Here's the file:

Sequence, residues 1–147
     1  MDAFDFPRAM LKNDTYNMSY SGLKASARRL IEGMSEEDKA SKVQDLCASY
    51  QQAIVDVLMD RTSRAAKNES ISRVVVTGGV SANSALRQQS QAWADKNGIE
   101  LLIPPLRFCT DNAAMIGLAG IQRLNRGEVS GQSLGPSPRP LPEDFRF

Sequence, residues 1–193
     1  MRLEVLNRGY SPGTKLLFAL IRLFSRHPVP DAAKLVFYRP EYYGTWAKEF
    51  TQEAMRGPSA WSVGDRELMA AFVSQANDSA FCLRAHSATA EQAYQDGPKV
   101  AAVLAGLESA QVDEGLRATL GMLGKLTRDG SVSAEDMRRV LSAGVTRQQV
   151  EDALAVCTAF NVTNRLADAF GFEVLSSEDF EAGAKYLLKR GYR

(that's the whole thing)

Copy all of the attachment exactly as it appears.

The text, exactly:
Sequence, residues 1–147
     1  MDAFDFPRAM LKNDTYNMSY SGLKASARRL IEGMSEEDKA SKVQDLCASY
    51  QQAIVDVLMD RTSRAAKNES ISRVVVTGGV SANSALRQQS QAWADKNGIE
   101  LLIPPLRFCT DNAAMIGLAG IQRLNRGEVS GQSLGPSPRP LPEDFRF

Sequence, residues 1–193
     1  MRLEVLNRGY SPGTKLLFAL IRLFSRHPVP DAAKLVFYRP EYYGTWAKEF
    51  TQEAMRGPSA WSVGDRELMA AFVSQANDSA FCLRAHSATA EQAYQDGPKV
   101  AAVLAGLESA QVDEGLRATL GMLGKLTRDG SVSAEDMRRV LSAGVTRQQV
   151  EDALAVCTAF NVTNRLADAF GFEVLSSEDF EAGAKYLLKR GYR